“In the beginning was the darkness. And then there was light…” Every evening, Voula (Tania Palaiologou) begins to tell her younger brother, Alexander (Michalis Zeke), the same bedtime tale – the story of creation – and is invariably interrupted by the approach of their distant mother as she momentary peers through the door to ensure that they have fallen asleep. It is an appropriate preface for the children’s own unresolved story of their origin, as they attempt to unravel the mystery of their father’s identity. Each day, they walk to the train station and attempt to stow away on a German-bound train to reunite with their unknown father who, their mother explains, lives in Germany. The children compose letters to their absent father in their thoughts, and await his response in their dreams. Alexander believes that their long-awaited reunion is near, and one day, the children succeed in boarding the train. However, they are soon discovered by the train conductor and turned over to the police. Fearing their premature return, Voula explains that they are visiting their uncle (Dimitris Kaberidis), and the police escort the children in order to see him. The uncle refuses to take custody of them, explaining that the children were born out of wedlock, and that their mother caused their flight by inventing the idea of the nonexistent father in Germany as a means of giving them false hope. Voula refuses to accept her uncle’s explanation and, when the opportunity presents itself, runs away with Alexander from the police station. While travelling on an empty stretch of road, they encounter a cheerful, young itinerant actor named Orestes (Stratos Tzortzoglou) whose family members, intriguingly, are the same world weary actors attempting to perform (albeit, still unsuccessfully) Golpho the Shepherdess in The Travelling Players. Orestes is leaving for the military, but has grown fond of the children, and has decided to spend his final hours helping them reach the border town of Thessaloniki. But as the children continue on their misguided and unattainable quest, can they find redemptive meaning beyond their fruitless journey?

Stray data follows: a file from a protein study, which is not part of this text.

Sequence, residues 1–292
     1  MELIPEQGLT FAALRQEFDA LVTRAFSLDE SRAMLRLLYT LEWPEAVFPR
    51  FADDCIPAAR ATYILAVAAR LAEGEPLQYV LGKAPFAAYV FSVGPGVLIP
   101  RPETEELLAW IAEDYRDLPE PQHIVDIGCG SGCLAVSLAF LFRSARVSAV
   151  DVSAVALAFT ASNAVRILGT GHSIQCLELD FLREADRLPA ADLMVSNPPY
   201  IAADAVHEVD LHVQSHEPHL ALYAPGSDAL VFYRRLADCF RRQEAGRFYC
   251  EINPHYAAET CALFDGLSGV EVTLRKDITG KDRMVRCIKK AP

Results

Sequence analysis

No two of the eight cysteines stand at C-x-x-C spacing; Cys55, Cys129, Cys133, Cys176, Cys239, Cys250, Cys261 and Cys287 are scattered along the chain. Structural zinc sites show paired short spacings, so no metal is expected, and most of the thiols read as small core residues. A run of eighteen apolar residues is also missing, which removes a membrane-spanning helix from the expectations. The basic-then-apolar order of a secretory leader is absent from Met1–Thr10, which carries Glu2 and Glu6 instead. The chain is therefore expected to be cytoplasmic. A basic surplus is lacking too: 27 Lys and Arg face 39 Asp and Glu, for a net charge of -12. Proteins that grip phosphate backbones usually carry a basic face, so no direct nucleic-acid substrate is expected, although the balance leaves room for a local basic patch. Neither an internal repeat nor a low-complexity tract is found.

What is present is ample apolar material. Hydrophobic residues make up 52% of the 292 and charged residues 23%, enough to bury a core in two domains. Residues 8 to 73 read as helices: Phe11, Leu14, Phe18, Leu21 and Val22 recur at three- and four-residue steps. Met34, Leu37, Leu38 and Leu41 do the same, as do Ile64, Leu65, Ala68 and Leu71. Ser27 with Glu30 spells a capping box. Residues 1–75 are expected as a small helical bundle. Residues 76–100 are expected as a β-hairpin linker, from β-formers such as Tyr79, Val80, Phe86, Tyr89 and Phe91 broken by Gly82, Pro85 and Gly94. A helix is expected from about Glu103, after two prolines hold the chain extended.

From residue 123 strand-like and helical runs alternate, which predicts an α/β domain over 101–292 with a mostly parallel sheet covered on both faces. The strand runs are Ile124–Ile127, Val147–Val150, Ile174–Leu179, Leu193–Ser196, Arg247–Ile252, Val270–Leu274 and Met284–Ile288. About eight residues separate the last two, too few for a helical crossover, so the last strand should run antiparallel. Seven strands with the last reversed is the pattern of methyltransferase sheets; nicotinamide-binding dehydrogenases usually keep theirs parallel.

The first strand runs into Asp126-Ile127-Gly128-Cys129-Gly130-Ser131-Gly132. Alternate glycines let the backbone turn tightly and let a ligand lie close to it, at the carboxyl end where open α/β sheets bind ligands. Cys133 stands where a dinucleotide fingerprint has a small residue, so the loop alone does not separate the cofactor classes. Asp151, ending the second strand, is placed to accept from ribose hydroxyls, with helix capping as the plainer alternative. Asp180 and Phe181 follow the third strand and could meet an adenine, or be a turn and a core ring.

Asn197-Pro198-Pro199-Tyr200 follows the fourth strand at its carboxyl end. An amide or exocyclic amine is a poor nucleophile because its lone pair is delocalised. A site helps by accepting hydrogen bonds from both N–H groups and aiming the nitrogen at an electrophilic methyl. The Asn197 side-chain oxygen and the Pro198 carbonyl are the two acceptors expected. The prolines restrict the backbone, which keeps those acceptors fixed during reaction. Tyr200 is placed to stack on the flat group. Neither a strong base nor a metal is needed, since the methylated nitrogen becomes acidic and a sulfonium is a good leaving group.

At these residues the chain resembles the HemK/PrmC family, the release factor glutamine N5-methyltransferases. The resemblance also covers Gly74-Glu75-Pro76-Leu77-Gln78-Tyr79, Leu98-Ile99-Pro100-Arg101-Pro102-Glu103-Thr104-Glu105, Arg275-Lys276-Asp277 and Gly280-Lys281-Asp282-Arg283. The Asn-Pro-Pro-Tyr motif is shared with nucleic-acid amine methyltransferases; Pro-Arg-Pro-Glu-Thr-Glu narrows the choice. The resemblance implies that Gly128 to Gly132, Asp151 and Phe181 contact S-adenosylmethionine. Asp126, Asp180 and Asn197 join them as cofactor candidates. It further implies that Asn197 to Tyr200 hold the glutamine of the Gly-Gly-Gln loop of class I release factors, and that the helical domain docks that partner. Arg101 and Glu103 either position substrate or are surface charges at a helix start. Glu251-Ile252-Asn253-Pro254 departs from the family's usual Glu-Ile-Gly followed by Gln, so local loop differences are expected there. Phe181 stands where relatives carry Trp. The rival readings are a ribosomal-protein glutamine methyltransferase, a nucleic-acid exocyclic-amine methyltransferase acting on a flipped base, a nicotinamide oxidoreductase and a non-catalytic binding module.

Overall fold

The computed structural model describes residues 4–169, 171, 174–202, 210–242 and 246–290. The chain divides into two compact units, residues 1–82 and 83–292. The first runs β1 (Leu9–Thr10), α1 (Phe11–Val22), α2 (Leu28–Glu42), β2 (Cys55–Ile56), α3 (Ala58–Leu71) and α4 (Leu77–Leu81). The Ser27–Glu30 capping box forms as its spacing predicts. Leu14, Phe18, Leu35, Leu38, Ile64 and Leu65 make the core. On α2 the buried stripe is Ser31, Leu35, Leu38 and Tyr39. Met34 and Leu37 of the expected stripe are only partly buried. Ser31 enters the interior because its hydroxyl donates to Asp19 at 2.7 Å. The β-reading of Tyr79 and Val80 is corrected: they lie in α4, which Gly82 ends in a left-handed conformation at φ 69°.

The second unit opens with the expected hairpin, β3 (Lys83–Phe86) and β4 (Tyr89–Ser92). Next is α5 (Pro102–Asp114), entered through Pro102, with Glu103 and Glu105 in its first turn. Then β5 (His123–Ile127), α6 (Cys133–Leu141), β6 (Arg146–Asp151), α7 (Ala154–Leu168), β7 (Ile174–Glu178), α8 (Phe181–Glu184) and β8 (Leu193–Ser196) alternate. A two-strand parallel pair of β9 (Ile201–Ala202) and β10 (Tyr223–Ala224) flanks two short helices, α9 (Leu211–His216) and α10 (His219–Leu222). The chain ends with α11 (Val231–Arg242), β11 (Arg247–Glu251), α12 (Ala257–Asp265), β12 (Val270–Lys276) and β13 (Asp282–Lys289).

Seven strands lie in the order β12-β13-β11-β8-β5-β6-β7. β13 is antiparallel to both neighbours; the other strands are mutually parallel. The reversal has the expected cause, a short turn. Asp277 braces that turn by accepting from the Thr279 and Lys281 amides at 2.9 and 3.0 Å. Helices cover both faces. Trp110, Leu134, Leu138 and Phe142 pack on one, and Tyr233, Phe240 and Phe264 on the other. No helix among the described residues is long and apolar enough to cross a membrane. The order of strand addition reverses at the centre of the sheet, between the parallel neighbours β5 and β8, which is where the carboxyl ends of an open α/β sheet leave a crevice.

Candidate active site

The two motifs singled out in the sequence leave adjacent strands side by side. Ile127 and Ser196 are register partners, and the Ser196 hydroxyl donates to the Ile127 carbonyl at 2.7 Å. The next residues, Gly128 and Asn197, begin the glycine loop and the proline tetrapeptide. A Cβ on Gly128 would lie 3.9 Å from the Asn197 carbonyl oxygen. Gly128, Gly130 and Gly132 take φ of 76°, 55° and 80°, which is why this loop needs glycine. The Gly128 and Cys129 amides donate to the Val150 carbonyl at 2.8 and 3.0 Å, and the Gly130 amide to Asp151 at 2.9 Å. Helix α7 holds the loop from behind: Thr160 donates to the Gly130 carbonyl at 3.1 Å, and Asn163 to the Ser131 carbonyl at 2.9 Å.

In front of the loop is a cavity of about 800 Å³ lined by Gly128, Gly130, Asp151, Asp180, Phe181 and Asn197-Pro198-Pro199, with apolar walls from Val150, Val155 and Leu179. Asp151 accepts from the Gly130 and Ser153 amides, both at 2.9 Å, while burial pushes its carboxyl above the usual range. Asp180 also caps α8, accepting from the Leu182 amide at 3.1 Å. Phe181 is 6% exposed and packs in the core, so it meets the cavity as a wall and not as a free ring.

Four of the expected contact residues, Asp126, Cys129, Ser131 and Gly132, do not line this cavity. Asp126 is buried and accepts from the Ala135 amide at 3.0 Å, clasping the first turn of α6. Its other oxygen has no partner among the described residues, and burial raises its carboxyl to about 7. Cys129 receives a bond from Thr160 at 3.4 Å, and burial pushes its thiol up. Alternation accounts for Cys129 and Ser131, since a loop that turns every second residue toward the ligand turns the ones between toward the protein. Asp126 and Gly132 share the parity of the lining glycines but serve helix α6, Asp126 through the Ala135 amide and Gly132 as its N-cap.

Landscape in the Mist is a poignant, lyrical, and allegorical fable on the human struggle for identity and connection. By revisiting the itinerant acting family of The Travelling Players, Theo Angelopoulos expounds on the transient, yet cyclical process of life as the common, universal bridge of human experience: the image of a dying horse on the snow (reminiscent of Robert Bresson’s Au Hasard Balthazar) juxtaposed against a wedding celebration; Orestes’ departure from his family vocation to join the military, the odd image of a large statue hand rising from the sea that metaphorically connects the cultural legacy of ancient Greek civilization to contemporary Greece. Like the symbolic, disembodied sculptured hand, the children, too, are incomplete – severed from their heritage by being denied a relationship with their father. And like the struggling travelling players, the children have embarked on a endless journey from which there is no return. However, in their struggle to overcome the artificially created borders (a theme similarly explored by Andrei Tarkovsky) that separate them from their elusive German father, the children find their own path to closure and personal reconciliation. In the haunting, surreal final scene, the children embrace a surrogate connection to their ancestral history – a universal icon that binds all humanity towards a shared purpose of survival and continuity – an enduring symbol of nature and life.
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